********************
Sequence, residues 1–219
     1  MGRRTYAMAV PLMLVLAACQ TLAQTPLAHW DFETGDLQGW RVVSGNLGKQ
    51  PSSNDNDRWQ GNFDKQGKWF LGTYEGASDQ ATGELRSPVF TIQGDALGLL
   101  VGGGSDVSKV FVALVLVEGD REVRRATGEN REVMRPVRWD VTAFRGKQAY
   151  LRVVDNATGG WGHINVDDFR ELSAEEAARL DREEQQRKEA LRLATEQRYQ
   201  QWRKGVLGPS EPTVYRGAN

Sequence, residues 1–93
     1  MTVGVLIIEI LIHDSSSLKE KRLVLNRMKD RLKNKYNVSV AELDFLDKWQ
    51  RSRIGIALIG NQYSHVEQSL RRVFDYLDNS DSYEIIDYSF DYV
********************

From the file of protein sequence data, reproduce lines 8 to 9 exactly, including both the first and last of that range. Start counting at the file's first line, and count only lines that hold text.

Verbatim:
     1  MTVGVLIIEI LIHDSSSLKE KRLVLNRMKD RLKNKYNVSV AELDFLDKWQ
    51  RSRIGIALIG NQYSHVEQSL RRVFDYLDNS DSYEIIDYSF DYV